|Title||A Time of Healing: Can Social Engagement after Bereavement Reduce Trajectories of Depression after the Death of a Child?|
|Publication Type||Journal Article|
|Year of Publication||2023|
|Authors||Cha, H, Thomas, PA|
|Journal||J Gerontol B Psychol Sci Soc Sci|
OBJECTIVES: We work from a stress and life course perspective to examine the mental health of parents who experienced the death of their child. We examine whether mental health eventually returns to pre-bereavement levels and how social engagement after bereavement may shape the recovery process of depressive symptoms.
METHODS: We analyze discontinuous growth curve models to assess the association between a child's death and trajectories of parents' depressive symptoms from the 1998-2016 Health and Retirement Study. The sample includes 16,182 parents aged 50 years and older.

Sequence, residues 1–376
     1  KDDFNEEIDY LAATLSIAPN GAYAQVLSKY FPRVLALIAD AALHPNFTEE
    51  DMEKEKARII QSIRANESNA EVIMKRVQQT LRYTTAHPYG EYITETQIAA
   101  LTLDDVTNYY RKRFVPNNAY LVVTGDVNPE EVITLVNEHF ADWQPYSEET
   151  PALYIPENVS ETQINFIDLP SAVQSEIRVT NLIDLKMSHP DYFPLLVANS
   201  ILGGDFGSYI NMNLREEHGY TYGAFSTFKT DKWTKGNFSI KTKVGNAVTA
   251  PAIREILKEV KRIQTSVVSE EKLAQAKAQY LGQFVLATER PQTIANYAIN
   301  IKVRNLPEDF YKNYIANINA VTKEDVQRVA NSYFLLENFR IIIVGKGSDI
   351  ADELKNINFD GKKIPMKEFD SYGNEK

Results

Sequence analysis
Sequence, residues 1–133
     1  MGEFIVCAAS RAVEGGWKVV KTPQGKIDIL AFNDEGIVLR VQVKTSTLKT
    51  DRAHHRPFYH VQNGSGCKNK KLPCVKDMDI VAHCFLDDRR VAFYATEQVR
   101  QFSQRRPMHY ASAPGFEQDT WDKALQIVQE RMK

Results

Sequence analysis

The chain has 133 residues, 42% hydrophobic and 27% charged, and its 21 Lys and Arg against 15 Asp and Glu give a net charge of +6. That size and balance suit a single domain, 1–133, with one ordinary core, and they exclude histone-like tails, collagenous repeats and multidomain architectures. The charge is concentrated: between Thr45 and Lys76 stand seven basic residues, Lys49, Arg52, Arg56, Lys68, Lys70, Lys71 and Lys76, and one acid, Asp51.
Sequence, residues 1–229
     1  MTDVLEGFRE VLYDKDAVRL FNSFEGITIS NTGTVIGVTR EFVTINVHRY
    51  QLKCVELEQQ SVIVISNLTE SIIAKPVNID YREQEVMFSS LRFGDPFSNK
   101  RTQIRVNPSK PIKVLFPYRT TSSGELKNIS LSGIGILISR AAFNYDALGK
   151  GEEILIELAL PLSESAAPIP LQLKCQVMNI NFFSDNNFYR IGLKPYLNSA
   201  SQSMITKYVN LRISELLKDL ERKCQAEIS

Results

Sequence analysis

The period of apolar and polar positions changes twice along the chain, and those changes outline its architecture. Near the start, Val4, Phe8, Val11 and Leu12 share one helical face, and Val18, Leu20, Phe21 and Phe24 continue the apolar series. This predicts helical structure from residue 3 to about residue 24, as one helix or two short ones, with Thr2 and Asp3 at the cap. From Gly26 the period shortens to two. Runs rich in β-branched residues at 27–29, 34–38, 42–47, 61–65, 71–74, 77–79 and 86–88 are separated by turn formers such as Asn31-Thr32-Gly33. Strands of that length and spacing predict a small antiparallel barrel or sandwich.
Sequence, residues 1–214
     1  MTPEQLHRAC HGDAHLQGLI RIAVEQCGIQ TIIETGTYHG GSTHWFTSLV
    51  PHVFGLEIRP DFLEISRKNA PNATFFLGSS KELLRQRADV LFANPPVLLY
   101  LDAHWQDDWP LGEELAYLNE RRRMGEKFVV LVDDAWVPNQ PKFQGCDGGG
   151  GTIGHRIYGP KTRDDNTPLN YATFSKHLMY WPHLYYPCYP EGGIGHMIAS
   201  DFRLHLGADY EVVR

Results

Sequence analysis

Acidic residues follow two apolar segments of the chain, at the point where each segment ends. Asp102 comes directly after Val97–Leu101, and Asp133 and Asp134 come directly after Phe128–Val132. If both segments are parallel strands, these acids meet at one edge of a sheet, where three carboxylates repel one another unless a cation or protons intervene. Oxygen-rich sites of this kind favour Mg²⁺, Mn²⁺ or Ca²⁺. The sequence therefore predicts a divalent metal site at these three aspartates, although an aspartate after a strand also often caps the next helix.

RESULTS: Those who transitioned to bereavement experience an elevation in depressive symptoms and a relatively long recovery time (e.g., seven years) to their pre-bereavement mental health in our findings. However, when engaging in volunteer work after their loss, depressive symptoms reduce more quickly to their pre-bereavement levels. Volunteering offsets up to three years of the negative consequences of child loss.
DISCUSSION: The death of a child is a traumatic event with extensive health consequences, but research should more fully examine the dynamic nature and potential mitigation of these health consequences over time. Our findings expand the temporal lens to encompass healing processes after bereavement, incorporating the importance of social engagement.